This book was well-written, and had a great story... but I just never really connected with the characters. I read this book because it has one of my favorite themes: a romance between two people from radically different cultures and for whom a relationship would be considered 'taboo' or otherwise socially unacceptable. The book started out very well but just couldn't hold it together.
Lydia is traveling to Shanghai to meet her fiance, from whom she has been separated for three years. He does not realize she is coming, however, and Lydia is somewhat naive and isn't careful about all of the dangers of being an Englishwoman alone in a country like China. She gets abducted and sold to a brothel, where she will fetch a high price.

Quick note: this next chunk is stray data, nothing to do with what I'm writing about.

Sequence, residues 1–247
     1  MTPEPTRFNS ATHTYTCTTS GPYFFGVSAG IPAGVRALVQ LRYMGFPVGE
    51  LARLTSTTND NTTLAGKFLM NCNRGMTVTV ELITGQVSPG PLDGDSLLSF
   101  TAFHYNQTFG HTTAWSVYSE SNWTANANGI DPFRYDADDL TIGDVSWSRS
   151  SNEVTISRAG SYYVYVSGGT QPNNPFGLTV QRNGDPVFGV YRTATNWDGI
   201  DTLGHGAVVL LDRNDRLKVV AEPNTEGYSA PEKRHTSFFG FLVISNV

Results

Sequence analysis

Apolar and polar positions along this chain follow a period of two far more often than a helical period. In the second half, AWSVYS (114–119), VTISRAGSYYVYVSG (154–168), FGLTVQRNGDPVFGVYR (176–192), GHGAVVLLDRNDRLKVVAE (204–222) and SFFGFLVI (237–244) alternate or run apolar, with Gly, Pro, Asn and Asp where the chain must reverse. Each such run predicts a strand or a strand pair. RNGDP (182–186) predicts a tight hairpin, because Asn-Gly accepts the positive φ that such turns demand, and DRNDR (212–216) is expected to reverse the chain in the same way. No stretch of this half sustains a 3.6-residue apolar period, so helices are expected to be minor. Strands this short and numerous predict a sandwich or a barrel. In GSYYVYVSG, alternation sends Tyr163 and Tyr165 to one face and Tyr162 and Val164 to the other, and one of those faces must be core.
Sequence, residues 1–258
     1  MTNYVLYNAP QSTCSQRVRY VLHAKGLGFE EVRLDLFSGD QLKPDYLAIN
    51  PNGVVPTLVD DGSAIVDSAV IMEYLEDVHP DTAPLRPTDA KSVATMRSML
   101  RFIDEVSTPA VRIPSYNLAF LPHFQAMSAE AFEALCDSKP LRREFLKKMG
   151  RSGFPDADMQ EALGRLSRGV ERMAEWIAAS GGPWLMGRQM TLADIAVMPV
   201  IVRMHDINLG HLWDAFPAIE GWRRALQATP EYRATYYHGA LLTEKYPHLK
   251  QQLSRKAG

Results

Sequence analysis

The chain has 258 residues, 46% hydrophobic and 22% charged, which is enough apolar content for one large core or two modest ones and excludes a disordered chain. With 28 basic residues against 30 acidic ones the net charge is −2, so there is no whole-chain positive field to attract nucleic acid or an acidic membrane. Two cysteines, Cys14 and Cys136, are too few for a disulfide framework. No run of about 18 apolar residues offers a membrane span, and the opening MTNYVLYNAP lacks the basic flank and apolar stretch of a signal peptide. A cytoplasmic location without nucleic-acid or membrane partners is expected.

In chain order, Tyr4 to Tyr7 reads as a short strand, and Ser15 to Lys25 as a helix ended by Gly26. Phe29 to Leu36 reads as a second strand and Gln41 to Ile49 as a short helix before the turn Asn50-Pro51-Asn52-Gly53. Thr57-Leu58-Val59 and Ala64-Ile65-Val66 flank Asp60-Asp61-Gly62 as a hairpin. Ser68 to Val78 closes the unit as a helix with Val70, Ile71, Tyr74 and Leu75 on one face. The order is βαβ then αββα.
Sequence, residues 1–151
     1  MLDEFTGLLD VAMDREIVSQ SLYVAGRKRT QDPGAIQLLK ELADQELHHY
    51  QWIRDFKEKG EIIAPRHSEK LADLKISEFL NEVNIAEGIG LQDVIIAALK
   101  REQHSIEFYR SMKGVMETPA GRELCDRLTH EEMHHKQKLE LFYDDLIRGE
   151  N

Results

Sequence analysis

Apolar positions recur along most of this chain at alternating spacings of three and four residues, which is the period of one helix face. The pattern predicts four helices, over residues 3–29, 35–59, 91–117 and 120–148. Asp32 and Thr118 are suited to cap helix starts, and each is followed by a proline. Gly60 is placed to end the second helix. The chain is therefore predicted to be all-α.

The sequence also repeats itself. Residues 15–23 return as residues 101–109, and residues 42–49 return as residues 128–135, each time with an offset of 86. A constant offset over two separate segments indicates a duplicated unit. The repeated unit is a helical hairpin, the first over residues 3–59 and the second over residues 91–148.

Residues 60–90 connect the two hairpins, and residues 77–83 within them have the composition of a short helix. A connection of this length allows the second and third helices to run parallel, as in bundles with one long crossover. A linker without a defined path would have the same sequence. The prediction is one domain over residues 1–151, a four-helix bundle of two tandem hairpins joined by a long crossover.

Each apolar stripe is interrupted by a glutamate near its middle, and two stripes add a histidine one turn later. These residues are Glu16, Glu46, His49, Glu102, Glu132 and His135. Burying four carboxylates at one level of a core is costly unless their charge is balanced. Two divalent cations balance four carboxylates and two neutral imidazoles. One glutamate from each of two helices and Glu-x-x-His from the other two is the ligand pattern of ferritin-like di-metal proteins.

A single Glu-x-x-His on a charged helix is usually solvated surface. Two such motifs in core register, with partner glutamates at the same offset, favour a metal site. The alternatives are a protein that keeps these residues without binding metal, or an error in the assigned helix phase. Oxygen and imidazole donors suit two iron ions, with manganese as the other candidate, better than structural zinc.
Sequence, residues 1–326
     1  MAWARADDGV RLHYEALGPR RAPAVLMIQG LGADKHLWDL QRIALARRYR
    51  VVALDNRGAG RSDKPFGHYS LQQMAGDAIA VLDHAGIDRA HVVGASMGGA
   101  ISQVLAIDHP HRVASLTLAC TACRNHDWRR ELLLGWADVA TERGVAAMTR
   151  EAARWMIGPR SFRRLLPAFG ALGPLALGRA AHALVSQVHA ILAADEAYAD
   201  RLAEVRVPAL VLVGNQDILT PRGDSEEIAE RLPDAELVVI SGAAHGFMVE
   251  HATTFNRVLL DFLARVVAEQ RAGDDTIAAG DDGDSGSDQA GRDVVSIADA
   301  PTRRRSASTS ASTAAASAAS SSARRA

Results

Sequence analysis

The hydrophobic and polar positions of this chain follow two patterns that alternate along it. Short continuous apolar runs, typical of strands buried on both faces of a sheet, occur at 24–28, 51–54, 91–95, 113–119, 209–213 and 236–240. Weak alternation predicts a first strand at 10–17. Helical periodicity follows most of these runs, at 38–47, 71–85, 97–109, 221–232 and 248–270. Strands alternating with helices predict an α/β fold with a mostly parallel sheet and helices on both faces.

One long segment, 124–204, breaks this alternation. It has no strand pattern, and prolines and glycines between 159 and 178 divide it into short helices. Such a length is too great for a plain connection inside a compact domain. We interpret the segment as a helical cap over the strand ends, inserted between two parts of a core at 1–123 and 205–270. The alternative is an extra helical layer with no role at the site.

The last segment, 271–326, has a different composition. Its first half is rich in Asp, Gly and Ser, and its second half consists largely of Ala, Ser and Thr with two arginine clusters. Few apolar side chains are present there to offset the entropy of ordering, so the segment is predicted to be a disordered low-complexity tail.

Ru Shan is the owner of an embroidery shop and a follower of Taoism. Longing to be immortal, Ru Shan comes to the conclusion that he is overcome with the strength of his Yang, and his tutor tells him that the only way he can cool his fire is to balance his yang with yin. So Ru Shan purchases Lydia, seeing that she is full of untapped yin.
And so begins the slavery of Lydia and her training in Taoist sexual practices. This part of the book was actually quite interesting, and had me doing a bit of research on Taoism and yin/yang.
But where it went wrong was how Lydia suddenly gave up on all of her anger over having been kept as a slave, and decided she loved Ru Shan. I think... this part could
have been believable, but the author just didn't take the time that was required to build their interactions and relationship. Lydia's love was too sudden and too soon after her hatred.
I did like how the book ended, and the ultimate message is that Ru Shan could not attain his greatest desire - immortality - with just Lydia's yin alone, he needed her love and to love her in return. The book itself ended a bit abruptly, but otherwise, it was a fairly decent read. This is the first book I've read by this author, and I'll probably try more.